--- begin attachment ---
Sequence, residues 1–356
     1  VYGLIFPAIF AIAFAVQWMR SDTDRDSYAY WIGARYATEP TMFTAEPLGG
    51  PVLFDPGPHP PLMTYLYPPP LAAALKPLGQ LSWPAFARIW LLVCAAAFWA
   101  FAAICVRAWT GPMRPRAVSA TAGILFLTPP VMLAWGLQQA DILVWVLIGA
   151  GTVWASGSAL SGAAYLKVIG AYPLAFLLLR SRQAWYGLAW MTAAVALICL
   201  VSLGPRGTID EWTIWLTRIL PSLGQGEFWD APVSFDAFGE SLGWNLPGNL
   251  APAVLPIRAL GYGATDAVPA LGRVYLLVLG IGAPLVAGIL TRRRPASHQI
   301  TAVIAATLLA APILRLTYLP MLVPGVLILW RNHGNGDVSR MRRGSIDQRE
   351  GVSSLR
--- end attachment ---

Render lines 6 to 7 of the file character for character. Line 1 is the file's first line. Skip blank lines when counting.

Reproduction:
   201  VSLGPRGTID EWTIWLTRIL PSLGQGEFWD APVSFDAFGE SLGWNLPGNL
   251  APAVLPIRAL GYGATDAVPA LGRVYLLVLG IGAPLVAGIL TRRRPASHQI